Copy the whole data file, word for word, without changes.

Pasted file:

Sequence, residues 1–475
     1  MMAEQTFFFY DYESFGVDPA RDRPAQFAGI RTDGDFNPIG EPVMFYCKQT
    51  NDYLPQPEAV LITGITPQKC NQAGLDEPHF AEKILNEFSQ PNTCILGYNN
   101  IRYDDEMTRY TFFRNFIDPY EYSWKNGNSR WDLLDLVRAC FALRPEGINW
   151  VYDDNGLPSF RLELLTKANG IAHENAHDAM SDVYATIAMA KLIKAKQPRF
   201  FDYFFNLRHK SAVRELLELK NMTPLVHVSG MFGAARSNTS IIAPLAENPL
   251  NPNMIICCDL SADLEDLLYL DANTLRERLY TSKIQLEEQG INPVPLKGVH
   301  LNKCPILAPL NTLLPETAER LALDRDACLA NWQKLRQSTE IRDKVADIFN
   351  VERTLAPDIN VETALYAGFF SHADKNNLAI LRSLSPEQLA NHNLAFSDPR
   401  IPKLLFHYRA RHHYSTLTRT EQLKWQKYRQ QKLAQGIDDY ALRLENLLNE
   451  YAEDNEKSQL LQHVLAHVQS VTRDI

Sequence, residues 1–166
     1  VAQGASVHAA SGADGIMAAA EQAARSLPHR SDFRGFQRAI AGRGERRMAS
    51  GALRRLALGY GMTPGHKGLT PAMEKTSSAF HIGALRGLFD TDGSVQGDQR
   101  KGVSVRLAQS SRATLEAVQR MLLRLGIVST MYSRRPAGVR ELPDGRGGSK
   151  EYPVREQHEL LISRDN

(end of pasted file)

Sequence, residues 1–475
     1  MMAEQTFFFY DYESFGVDPA RDRPAQFAGI RTDGDFNPIG EPVMFYCKQT
    51  NDYLPQPEAV LITGITPQKC NQAGLDEPHF AEKILNEFSQ PNTCILGYNN
   101  IRYDDEMTRY TFFRNFIDPY EYSWKNGNSR WDLLDLVRAC FALRPEGINW
   151  VYDDNGLPSF RLELLTKANG IAHENAHDAM SDVYATIAMA KLIKAKQPRF
   201  FDYFFNLRHK SAVRELLELK NMTPLVHVSG MFGAARSNTS IIAPLAENPL
   251  NPNMIICCDL SADLEDLLYL DANTLRERLY TSKIQLEEQG INPVPLKGVH
   301  LNKCPILAPL NTLLPETAER LALDRDACLA NWQKLRQSTE IRDKVADIFN
   351  VERTLAPDIN VETALYAGFF SHADKNNLAI LRSLSPEQLA NHNLAFSDPR
   401  IPKLLFHYRA RHHYSTLTRT EQLKWQKYRQ QKLAQGIDDY ALRLENLLNE
   451  YAEDNEKSQL LQHVLAHVQS VTRDI

Sequence, residues 1–166
     1  VAQGASVHAA SGADGIMAAA EQAARSLPHR SDFRGFQRAI AGRGERRMAS
    51  GALRRLALGY GMTPGHKGLT PAMEKTSSAF HIGALRGLFD TDGSVQGDQR
   101  KGVSVRLAQS SRATLEAVQR MLLRLGIVST MYSRRPAGVR ELPDGRGGSK
   151  EYPVREQHEL LISRDN